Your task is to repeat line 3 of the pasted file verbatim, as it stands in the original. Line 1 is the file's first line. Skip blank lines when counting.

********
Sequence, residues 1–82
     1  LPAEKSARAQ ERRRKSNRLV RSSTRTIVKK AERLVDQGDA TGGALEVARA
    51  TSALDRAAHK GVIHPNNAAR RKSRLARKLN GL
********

    51  TSALDRAAHK GVIHPNNAAR RKSRLARKLN GL